Memphis Memories

A conversation in letters with Martha Park and Rachel Edelman

Rachel Edelman and Martha Park grew up in Memphis, Tennessee. There, they orbited the same East Memphis circles, attended the same public schools, and observed the distinct religious traditions their families passed down to them. When they graduated from high school, they each moved away: Park, for a decade; Edelman, for good. They have held Memphis within their creative imaginations in writing that grapples with religion, migration, climate catastrophe, and home-building. 

In this correspondence, two orbits that have briefly intersected so many times overlap in a sustained communion.

Dear Rachel, 

There is so much I don’t know about you. How far apart were we in school? A year, or two? The gap seems small now, but it was enough: back then, you were always my friend’s older sister, and a poet I looked up to. There’s a lot more I’d like to know. Growing up, I often lost track of people, popping in and out of their lives as we moved from one church parsonage to another, one school to another, bouncing across town every few years whenever my father was appointed to a new congregation. 

When we first set out on this correspondence, we decided to begin with the stories of our names. If my parents had wanted to give me a biblical name, there were much better characters, I thought, than Martha: Ruth, Naomi, Esther, Hannah, Junia. I had a theory; all of dad’s friends were ministers, and they all had babies around the same time. I was the youngest. By the time I was born, all the best names must have been claimed. 

I pictured Martha often: busy with hosting and cooking, her frustration turning to anger until finally, after dinner, up to her elbows in dirty dishes and soap suds, she’d had enough. Leaning against the doorway, she watched her sister sitting on the floor at Jesus’ feet. Martha blurted out: “Doesn’t it bother you that my sister left me to do all the work by myself?” 

Surely, she thought, in all his lessons, there was one about picking up after yourself, helping your sister cook dinner. Her cheeks burning, Martha heard herself say to Jesus, “Tell her to help me.” Jesus did not speak to her in parables, then, did not set up a scenario in a faraway town in order to teach her a lesson or explain her to herself. Instead, he told her that she worried too much. That her sister was right. Martha and Mary will go on to be the first witnesses to resurrection. But Martha would be remembered forever for this moment, when she was flicked away like a gnat.  

I’ve tried to imagine what my dad could have been imparting to me with this name—which I tend to share only with white-haired old ladies—or this namesake, who bothers me still. Martha is entwined so closely with Jesus and resurrection, two aspects of my inherited faith that I am the most troubled by.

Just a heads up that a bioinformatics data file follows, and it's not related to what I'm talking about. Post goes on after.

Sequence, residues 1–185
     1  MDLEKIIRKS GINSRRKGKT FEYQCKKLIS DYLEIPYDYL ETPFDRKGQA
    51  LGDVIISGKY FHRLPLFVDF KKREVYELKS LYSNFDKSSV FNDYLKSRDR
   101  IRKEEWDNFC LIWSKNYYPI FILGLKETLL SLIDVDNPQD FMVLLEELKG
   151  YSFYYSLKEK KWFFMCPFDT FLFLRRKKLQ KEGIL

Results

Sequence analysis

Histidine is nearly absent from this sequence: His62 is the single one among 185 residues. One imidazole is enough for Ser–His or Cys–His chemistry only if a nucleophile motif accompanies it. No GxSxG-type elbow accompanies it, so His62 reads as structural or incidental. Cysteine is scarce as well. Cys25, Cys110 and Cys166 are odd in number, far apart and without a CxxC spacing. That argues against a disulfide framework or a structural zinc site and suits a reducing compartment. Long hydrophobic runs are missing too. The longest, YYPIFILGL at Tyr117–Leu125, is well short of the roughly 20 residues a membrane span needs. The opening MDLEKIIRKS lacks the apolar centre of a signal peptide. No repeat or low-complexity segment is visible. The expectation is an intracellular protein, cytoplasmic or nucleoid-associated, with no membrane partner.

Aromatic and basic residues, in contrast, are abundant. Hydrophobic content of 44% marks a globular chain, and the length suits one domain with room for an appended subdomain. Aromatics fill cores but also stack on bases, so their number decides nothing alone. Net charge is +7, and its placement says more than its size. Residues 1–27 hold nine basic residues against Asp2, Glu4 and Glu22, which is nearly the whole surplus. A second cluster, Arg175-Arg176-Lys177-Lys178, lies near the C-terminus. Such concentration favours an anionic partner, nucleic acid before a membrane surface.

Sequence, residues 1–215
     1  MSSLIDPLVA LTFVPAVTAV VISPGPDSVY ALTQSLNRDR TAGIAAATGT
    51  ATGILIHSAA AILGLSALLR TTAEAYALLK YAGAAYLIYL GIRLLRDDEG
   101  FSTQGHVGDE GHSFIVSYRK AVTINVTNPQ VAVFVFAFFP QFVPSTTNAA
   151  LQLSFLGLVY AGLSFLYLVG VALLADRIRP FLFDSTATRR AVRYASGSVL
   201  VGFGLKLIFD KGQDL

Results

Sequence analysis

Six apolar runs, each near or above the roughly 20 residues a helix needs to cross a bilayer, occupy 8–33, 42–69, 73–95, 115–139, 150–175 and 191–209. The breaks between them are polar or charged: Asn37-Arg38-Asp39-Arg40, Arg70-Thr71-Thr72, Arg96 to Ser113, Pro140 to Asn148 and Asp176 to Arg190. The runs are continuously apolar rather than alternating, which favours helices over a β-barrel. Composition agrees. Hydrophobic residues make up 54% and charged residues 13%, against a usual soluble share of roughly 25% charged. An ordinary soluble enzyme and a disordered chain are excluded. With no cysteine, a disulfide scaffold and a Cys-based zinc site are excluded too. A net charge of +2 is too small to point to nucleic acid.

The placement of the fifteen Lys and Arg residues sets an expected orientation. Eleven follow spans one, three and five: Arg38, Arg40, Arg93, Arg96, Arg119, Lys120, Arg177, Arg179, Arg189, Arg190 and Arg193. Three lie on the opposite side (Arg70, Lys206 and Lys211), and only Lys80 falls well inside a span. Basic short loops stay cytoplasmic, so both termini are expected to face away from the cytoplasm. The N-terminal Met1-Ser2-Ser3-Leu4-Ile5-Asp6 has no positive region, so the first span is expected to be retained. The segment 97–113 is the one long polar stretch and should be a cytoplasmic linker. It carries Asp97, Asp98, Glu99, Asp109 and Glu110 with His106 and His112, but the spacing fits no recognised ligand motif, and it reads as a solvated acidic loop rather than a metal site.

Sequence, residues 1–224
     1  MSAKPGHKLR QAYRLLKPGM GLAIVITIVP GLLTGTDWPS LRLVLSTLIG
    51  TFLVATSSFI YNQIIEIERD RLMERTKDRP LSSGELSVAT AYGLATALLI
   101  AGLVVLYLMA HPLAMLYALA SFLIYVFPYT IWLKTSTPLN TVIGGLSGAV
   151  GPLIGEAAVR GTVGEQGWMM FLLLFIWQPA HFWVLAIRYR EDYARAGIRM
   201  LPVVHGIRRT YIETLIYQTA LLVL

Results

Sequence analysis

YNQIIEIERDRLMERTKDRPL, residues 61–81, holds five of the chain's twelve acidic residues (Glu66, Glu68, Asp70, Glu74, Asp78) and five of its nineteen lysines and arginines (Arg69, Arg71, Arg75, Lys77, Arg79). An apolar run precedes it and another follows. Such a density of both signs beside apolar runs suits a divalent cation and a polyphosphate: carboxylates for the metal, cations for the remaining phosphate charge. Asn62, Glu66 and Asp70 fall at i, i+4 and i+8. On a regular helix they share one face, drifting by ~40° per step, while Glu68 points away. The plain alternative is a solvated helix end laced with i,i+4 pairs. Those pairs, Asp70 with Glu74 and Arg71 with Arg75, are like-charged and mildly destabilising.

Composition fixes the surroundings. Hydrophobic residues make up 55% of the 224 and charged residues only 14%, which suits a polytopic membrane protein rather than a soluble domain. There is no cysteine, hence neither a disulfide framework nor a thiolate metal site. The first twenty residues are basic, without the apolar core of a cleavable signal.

Tell me about your name, and the people who gave it to you? 



Dear Martha,

I’ll confess: I’ve never read the Gospels. Of course, some of the stories are unavoidable. I attended public schools in Memphis, haunted by crosses and youth groups with stacks of New Testaments; at some point, avoiding the rest of that scripture became an act of resistance. So I just read the parable where Martha shows up. Your exegesis was already swimming in me, but even if I’d read it cold, I would have felt for a character told by a strange man not to worry after her sister abandons her mid-task. I’m drawn to anybody who makes domestic labor visible. Martha’s complaint insists on material needs: you can’t depend on a miracle to put dinner on the table.

You asked me about my name. My parents lifted the “R” in my name from two uncles named Robert; many Jewish parents carry forward a letter from an ancestor. I’m grateful to have a name that states my Jewishness plainly, a name that resolves the question my olive skin and dark curls raise.

I used to resent being named for a woman known best as a beauty. Rachel had so little narrative to hold on to. I’ve also bristled against my name’s etymology: in Ancient Hebrew, it means lamb of God. The lamb’s symbolism conjures the image of someone who turns over their agency to God-as-shepherd. In a religion that taught me to wrestle with God, how could anyone obey like that?

You were in the same grade as the first of my brothers, the brother I drove to high school my last two years in Memphis, berating him or worse on the ten-minute commute. I was two, four, and six years old when my three younger brothers were born, and as a child I felt held back by their presence. I remember standing in the doorways of our house or our grandparents’, waiting for the boys to finish playing so we could leave. I always wanted to leave. I raised my voice and my fists, terrified that nothing would go right if I didn’t force it. I turned sixteen, got my driver’s license and my aunt’s old Volvo, and thought I’d finally be in control. When my brother wasn’t out the door at the exact moment I wanted him to be, I raged at the slow shuffle of his morning legs.

Do you remember, maybe in fourth grade, making an electromagnet by wrapping a wire around a nail? In adolescence, I wound myself that tight. I thought that if I knew the right thing to do and everyone did what I told them to, we’d all pivot like a tray of iron filings pulled into line.

Now that I teach high school, I see how little control children have over their lives—I work every day to earn their trust. A shepherd earns a lamb’s steady presence by leading it safely to sustenance. What elements of your religious tradition help you navigate trust and control? How does your return to Memphis, after many years away, affect your relationship to that tension?